RPS:

We’ve had a leading traffic product for many, many years. My team and I have been working for 25 years in this domain and we’ve created a full stack of technology to understand the mountains of traffic data, and create relevant applications to help companies, businesses and governments understand traffic, congestion and travel time.

TomTom is built on a foundation of good people, skills and a strong team with a lot of experience in this space, we connect that with a valuable business model to grow our community of connected devices, cars, people and other data sources to enrich our traffic data. We now have over 600 million devices providing billions of datasets every day to help us, and our partners and customers, understand traffic.

If we can understand the deep complexity of traffic, we can help town planners design better, more livable cities, help delivery companies optimize and maximize their business and we can help people get from A to B smoothly, faster and more efficiently.

Of course, we can talk about business, but this is all part of a much bigger conversation on sustainability. All of what we do with traffic is to contribute to sustainable decision making.

The future of traffic

TTE:

Where are things going next for traffic? What does the future of traffic management tech look like?

RPS:

AI is a big topic right now, but we started using it years ago to address challenges in traffic — building complex algorithms and training machine learning models to understand traffic, develop advanced traffic prediction models and measure traffic incidents in an automated fashion.

With technology growing in this area, there’s a huge opportunity to automate more of our analysis, automate more of our data gathering and scale and improve our already highly developed traffic products and tech stack, taking them to another level.

One of the most successful growth areas for traffic products at TomTom results from the growth of the connected car. Some 15-20 years ago, OEMs, fleet management companies started to put modems and GPS devices in their car. They could then locate their cars continuously, capture data and build a huge data pool of information about congestion, travel time and movement. This is the foundation to drive really strong traffic products and technology, but now with technologies like AI and machine learning and Big Data we can understand complex traffic problems, understand the way people move on a societal level much better and predict people’s movements with more accuracy and greater speed.

As cars get progressively more advanced, and use new sensor arrays, the connected car is driving completely new stacks of scalable technology to measure congestion and support data-driven decision making.

We’ve already seen the great impact our traffic products can make, with these new technologies we can take those to the next level of scale, effectiveness and freshness.

A picture of traffic and its data on the Brooklyn Bridge.TomTom's traffic data gives insights into average speeds, route distances, travel times, traffic volumes and flows.

Is AI in traffic management a concern?

TTE:

Should we worry about AI being used in applications that understand traffic and the movement of people?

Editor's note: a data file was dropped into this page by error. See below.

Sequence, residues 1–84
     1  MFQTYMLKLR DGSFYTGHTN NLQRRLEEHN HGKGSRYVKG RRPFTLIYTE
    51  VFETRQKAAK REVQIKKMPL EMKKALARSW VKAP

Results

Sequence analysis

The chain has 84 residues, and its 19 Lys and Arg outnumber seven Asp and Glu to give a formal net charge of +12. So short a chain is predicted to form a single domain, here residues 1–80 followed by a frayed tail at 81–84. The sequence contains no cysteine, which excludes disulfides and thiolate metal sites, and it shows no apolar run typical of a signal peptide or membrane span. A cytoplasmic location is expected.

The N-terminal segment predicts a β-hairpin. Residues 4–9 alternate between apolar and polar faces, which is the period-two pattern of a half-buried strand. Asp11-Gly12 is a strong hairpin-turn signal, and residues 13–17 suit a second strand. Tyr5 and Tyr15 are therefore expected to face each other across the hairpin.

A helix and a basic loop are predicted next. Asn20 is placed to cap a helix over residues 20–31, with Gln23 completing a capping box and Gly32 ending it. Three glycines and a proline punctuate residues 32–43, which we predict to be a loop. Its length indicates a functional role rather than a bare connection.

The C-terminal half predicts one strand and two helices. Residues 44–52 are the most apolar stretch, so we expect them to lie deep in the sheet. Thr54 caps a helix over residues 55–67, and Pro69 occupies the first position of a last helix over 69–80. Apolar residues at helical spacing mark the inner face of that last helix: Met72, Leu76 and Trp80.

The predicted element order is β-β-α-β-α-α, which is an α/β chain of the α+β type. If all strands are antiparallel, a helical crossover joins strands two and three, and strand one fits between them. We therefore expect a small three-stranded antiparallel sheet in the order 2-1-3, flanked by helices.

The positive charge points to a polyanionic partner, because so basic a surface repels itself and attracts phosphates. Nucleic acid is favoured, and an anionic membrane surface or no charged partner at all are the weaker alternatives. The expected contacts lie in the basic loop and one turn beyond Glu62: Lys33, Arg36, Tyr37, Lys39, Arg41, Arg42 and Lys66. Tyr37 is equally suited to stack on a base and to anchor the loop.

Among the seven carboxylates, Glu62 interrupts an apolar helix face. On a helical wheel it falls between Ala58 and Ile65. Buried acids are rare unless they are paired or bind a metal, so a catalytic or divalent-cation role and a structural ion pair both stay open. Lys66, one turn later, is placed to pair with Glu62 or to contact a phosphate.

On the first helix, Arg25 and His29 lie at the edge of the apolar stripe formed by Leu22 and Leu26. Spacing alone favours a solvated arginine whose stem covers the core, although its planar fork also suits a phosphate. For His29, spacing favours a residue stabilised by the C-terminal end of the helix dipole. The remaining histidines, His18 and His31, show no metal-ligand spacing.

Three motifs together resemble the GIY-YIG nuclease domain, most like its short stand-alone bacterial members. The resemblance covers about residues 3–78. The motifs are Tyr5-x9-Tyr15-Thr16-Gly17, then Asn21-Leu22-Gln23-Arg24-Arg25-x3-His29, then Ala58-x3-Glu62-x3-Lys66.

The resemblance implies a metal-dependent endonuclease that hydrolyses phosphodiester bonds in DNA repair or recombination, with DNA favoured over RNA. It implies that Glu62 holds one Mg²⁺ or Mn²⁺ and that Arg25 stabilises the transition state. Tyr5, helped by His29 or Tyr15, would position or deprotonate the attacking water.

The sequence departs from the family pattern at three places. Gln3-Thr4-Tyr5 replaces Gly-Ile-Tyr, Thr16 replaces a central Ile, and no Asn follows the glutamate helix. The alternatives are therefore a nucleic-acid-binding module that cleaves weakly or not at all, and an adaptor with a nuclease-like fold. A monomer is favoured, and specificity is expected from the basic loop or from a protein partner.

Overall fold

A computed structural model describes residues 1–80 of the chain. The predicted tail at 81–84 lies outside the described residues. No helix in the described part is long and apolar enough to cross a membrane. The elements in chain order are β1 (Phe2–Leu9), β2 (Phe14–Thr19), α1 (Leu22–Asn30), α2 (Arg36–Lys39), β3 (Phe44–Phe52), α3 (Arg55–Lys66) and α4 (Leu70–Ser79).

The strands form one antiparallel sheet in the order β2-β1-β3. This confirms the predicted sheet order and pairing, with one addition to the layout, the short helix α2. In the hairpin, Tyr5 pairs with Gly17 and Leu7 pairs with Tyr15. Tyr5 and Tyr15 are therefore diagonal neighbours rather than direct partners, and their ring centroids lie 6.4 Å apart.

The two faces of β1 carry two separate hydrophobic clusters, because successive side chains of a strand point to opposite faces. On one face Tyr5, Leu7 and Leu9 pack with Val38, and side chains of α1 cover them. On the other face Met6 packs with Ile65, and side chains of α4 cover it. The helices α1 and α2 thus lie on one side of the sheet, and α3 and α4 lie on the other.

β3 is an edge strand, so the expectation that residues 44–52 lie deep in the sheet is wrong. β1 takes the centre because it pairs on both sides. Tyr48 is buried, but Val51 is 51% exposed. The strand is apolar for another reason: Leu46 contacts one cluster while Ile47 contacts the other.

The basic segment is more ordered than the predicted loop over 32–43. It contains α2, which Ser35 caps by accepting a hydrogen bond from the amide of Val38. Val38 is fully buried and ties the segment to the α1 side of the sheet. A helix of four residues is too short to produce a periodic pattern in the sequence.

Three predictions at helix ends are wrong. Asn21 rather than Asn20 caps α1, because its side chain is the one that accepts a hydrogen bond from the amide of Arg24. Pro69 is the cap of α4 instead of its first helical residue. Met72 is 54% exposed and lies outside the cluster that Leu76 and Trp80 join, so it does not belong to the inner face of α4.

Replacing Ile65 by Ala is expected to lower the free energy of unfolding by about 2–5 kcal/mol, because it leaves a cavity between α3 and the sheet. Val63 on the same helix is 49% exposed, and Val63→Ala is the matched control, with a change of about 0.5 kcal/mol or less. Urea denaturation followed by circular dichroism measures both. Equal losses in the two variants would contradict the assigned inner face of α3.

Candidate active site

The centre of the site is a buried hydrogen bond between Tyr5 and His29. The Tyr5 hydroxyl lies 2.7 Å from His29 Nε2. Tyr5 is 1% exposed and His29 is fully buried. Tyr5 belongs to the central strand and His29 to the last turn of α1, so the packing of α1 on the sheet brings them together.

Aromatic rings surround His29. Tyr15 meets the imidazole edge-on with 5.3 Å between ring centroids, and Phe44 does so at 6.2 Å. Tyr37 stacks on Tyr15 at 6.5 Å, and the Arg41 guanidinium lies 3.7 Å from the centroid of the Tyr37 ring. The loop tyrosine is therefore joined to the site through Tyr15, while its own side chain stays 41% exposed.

RPS:

Overall, I see the deployment of AI in the transportation sector as something very positive. We are looking at broad challenges of cities, automotive companies, governments and consumers, and AI offers a tool that can help us address more of these, more quickly and with improved results. In the case of sustainability, reducing emissions, anything that gets us there sooner is a good thing.

Privacy and AI is a topic we need to think about.

On a personal level, there may be concerns that AI could track people, and for that we need to ensure there is clear regulation and law to stimulate the protection and privacy of individuals.

Even before we talk about AI, privacy protection has been a core element of our strategy. We store our data and collect data already fully anonymized. We respect the privacy of people. And we want to understand movement patterns in a more collective sense. We want to understand congestion, traffic and how people move from A to B, we don’t care about a single individual, it’s a fundamental principle.

The exciting future of traffic tech

TTE:

What excites you about the future of traffic and its associated technologies?

RPS:

What excites me most is the continuous growth of our traffic data community and data pool, and how fast we can develop new technology right now, especially with AI and machine learning.

We’ve seen a big boost with the introduction of OpenAI and other large language models (LLMS), and we can expect an even more increased pace in the next five to 10 years. At TomTom, this is going to help us scale fast, and solve even more complex problems in the traffic space. That’s very cool.

Machine learning on one side will help us better predict the movement of people and have a better traffic model to power our navigation applications. But it can also bring us to new territories with our new map [TomTom Orbis Maps] to address all the traffic problems outside the road and understand cyclist and pedestrian and public transit movements, and have a more global context of the movement of people and change towards sustainable mobility.

That’s a really exciting prospect for TomTom, that we’ll be able to take everything we know about traffic congestion and apply it to all kinds of other modes of transport thanks to our new map.